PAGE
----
The early workdays at Major League Baseball’s three-team spring training town of Goodyear, Arizona, begin in the morning hours, when just a handful of players and coaches get to begin arriving for their own workouts.
It’s so early in the morning that when Justin Morneau arrives, there’s not much sign of the Minnesota Twins’ 2013 batting leader even warming up. A ball rolls by him to the left of the first-base dugout and the pop of off-field applause begins. Even if the first-base coach and manager, Ron Gardenhire, are out on the field with every player but Morneau and certain fellow new arrival Jose Berrios, there’s hardly any indication that Minnesota is coming off of a disappointing 83-79 season.
If spring training takes place over two months, then months of winter are to be expected. Even when a franchise as huge as the Twins doesn’t have as much to lose as the Astros or Red Sox, the normal winter entails a wrap-up to the winter ball tour in the Dominican Republic, an extended stay in the Rocky Mountains, and an early start on recuperating.
That means a full week at winter ball in the Dominican Republic. A few days are spent eating a lot of ice cream. Now comes the fun part, working out.
For Morneau, it’s all part of a routine he knew he had to endure when he arrived in the D.R. at the end of October, 2014. He admits now, though, that had he not spent the offseason there, he might not have had the perspective to see what he had in good company.
“With just days left (of winter ball), I was thinking about all those players I played with and the talent that we have in the organization,” Morneau said. “If that’s not enough to kind of get you down to this level, I don’t know what is. I can’t really think outside the box like that. To be there and just see all those guys work, it really was an eye-opener for me.”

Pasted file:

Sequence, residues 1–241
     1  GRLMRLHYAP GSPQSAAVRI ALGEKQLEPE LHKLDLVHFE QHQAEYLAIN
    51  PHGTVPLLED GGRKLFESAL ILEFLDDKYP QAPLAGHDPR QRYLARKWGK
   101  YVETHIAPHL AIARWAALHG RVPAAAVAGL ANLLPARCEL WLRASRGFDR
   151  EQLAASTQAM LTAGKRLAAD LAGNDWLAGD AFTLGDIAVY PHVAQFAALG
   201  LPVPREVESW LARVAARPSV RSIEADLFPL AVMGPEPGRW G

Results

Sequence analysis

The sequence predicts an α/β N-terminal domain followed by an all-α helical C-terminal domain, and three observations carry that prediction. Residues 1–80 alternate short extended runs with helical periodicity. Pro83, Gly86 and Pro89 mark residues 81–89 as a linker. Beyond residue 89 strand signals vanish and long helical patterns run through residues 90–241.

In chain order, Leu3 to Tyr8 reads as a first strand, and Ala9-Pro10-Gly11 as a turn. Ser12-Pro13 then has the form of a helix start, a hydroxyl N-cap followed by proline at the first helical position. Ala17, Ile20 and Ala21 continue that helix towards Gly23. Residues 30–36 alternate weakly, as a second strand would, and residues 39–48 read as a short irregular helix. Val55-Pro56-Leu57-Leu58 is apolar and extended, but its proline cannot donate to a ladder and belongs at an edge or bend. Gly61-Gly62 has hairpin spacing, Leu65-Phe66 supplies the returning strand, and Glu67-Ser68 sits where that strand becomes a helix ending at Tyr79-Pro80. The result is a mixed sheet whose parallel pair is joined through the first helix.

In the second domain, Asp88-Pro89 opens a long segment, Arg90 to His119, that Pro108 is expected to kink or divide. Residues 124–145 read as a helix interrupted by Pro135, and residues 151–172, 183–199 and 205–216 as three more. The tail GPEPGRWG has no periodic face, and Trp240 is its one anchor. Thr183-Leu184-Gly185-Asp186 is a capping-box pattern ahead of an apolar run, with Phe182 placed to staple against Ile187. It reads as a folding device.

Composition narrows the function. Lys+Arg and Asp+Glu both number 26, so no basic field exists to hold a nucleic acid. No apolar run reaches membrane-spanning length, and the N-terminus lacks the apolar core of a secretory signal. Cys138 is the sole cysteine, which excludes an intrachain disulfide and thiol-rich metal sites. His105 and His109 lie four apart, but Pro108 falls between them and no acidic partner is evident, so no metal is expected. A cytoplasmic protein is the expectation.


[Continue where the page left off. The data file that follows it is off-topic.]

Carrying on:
Through his time in the offseason in the Dominican, he’s viewed his role in the Twins organization as more an asset than a requirement. He believes that his pedigree in hitting as a right-handed hitter coupled with his adeptness at the plate will serve him well at the plate, with a good chance of hitting .300, but believes he’s been good for his new teammates, and actually welcomed the challenge of being a mentor to pitchers. He understands he is their biggest question mark heading into spring training, but says the encouraging signs in the ninth and final game of the 2018 season is the proof that he will have a positive impact in the short-term.
“I think every at-bat I’m going to get a bit more comfortable,” Morneau said. “As you get more and more comfortable, you get a little bit more confident. After the season ended, those first few days were nice to see me compete every single day. I take pride in that. It’s one thing I’ve done since I was a kid. I’ve always played hard and tried to do everything I can to help my team win. I felt comfortable in my at-bats this year and I got hot as the season went on. So it was a pretty exciting end to the season for me.”
That has endeared him to his new teammates, but he’s hoping it will also help the team erase some of the doubts placed on it.
“We know he can hit, we know he’s going to be a good player, but there’s a lot of guys on this team that can step up and take that next step,” Joe Mauer said. “So I’m hoping that Justin will have that big hand for us.”
There’s a lot of time still left until the 2018 season begins, but the Twins don’t just want Morneau to be a man amongst boys; they want him to be their guy. More and more, he’s in a position to deliver.
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